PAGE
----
PIA09467: Ejecta Modification
 Target Name:  Mars
 Is a satellite of:  Sol (our sun)
 Mission:  2001 Mars Odyssey
 Spacecraft:  2001 Mars Odyssey
 Instrument:  THEMIS
 Product Size:  1347 x 2933 pixels (w x h)
 Produced By:  Arizona State University
 Full-Res TIFF:  PIA09467.tif (3.955 MB)
 Full-Res JPEG:  PIA09467.jpg (486.6 kB)

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Original Caption Released with Image:

Context image for PIA09467 Ejecta Modification
Context image for PIA09467
Ejecta Modification

The two craters in this image are not circular, but instead are more diamond-shaped. Meteor Crater in Arizona is also more square than round. Meteor Crater formed in a limestone rock that had already been faulted in two directions. The preexisting faults controlled some of the stress induced by the impacting event, resulting in the crater not ending up perfectly round. The same thing likely occurred with the formation of the martian craters -- a preexisting fault or fracture system in the rocks.

Image information: VIS instrument. Latitude -12.9N, Longitude 176.4E. 18 meter/pixel resolution.

Please see the THEMIS Data Citation Note for details on crediting THEMIS images.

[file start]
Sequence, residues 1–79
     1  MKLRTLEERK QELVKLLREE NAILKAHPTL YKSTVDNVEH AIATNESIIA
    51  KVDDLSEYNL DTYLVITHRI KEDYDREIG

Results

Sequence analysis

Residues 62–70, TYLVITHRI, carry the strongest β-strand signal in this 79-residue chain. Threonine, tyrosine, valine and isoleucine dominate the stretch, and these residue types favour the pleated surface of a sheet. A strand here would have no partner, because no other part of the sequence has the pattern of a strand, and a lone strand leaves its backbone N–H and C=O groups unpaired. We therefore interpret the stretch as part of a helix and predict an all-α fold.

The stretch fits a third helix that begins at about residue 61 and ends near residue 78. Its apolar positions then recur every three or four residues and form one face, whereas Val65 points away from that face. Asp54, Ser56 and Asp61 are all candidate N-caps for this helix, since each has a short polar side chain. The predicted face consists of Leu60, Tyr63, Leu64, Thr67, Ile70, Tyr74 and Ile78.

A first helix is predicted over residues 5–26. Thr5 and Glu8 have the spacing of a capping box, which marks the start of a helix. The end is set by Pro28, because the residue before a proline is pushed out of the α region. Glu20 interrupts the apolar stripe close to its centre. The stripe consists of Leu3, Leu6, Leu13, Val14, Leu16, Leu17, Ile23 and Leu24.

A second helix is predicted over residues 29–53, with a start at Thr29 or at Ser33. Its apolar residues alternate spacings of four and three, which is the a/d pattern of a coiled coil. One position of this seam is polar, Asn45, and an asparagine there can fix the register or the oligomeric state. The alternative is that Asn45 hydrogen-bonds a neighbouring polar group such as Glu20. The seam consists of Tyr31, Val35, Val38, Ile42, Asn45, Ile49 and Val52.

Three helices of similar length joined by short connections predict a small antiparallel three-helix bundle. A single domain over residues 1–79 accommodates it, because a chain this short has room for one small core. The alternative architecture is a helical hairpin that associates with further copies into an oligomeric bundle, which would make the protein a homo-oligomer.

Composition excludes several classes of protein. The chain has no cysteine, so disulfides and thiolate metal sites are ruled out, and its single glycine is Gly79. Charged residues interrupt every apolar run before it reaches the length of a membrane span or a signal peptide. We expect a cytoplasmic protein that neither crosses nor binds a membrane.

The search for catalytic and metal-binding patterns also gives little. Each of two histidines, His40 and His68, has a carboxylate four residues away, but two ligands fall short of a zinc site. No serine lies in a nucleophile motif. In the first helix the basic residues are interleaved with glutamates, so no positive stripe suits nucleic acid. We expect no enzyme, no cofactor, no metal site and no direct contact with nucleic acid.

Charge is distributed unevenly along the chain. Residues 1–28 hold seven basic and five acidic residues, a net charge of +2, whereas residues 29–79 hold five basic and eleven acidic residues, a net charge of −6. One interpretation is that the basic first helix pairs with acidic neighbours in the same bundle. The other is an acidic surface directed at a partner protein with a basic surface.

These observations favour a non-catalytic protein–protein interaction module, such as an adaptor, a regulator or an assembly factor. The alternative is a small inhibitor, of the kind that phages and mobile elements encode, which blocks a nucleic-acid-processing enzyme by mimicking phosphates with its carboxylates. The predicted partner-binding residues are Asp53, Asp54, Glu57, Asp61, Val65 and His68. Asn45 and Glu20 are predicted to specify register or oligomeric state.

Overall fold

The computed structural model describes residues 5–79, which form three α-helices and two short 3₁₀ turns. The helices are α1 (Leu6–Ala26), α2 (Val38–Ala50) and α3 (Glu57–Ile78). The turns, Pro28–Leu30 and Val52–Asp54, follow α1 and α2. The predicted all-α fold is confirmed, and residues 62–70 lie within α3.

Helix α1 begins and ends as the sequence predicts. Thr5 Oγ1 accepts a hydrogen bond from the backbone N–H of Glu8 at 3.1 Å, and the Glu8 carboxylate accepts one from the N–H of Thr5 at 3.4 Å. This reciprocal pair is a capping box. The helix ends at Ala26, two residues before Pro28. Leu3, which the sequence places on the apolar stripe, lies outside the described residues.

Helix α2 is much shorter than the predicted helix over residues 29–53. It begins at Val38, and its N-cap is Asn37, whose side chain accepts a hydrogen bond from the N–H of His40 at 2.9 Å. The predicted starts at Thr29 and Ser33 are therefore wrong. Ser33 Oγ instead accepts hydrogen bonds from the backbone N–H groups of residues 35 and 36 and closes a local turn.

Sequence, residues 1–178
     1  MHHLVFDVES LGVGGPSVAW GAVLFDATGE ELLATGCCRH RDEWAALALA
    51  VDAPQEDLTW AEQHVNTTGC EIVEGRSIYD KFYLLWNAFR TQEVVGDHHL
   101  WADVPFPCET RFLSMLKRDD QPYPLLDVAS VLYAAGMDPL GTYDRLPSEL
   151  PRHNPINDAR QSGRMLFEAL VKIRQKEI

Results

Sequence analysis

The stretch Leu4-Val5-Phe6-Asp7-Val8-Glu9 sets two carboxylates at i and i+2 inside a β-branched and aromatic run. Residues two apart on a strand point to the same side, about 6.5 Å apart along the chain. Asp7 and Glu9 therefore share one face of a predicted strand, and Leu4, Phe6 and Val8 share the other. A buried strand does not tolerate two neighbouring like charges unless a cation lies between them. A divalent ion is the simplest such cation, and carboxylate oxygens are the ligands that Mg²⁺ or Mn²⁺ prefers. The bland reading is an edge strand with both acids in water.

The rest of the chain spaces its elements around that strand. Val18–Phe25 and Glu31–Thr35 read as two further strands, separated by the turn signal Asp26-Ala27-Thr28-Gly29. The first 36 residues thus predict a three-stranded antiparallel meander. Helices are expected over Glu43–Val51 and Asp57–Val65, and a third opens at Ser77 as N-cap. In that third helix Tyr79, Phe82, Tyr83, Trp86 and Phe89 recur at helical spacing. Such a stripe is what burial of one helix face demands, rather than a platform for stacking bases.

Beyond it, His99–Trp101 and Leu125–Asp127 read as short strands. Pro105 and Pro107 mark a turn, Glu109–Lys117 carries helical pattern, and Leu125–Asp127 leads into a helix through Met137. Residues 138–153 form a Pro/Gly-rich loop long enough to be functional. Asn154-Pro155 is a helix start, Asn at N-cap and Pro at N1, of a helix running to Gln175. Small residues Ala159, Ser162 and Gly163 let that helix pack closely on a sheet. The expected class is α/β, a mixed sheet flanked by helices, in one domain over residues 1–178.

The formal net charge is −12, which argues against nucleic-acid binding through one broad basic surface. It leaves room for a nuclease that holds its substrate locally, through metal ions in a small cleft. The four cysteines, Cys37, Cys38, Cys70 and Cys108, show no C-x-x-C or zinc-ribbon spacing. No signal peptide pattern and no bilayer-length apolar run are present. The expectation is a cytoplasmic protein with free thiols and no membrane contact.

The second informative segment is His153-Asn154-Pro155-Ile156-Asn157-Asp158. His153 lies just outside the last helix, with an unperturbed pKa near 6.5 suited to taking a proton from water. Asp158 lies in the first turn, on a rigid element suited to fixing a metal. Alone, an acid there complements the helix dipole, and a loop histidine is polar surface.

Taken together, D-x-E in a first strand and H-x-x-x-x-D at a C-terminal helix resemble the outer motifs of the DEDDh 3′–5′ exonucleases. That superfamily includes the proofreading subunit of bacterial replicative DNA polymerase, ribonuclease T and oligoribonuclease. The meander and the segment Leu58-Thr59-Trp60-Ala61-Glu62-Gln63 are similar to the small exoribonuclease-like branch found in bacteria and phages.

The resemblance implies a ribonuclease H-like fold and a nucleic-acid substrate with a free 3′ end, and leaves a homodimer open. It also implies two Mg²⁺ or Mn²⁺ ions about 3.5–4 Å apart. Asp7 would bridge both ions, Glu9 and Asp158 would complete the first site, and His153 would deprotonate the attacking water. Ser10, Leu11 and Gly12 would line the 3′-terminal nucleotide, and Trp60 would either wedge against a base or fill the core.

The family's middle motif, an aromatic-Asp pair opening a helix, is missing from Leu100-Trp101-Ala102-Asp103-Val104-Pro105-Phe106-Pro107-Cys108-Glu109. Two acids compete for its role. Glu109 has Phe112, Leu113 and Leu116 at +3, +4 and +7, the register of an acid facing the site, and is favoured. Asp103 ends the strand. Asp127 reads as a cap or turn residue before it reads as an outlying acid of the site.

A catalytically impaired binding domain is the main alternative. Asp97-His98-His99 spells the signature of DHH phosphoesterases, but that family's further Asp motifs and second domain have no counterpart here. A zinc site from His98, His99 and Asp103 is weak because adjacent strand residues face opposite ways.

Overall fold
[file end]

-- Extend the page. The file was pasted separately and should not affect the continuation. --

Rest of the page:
Note: this THEMIS visual image has not been radiometrically nor geometrically calibrated for this preliminary release. An empirical correction has been performed to remove instrumental effects. A linear shift has been applied in the cross-track and down-track direction to approximate spacecraft and planetary motion. Fully calibrated and geometrically projected images will be released through the Planetary Data System in accordance with Project policies at a later time.

NASA's Jet Propulsion Laboratory manages the 2001 Mars Odyssey mission for NASA's Office of Space Science, Washington, D.C. The Thermal Emission Imaging System (THEMIS) was developed by Arizona State University, Tempe, in collaboration with Raytheon Santa Barbara Remote Sensing. The THEMIS investigation is led by Dr. Philip Christensen at Arizona State University. Lockheed Martin Astronautics, Denver, is the prime contractor for the Odyssey project, and developed and built the orbiter. Mission operations are conducted jointly from Lockheed Martin and from JPL, a division of the California Institute of Technology in Pasadena.

Image Credit:
NASA/JPL/University of Arizona

Image Addition Date: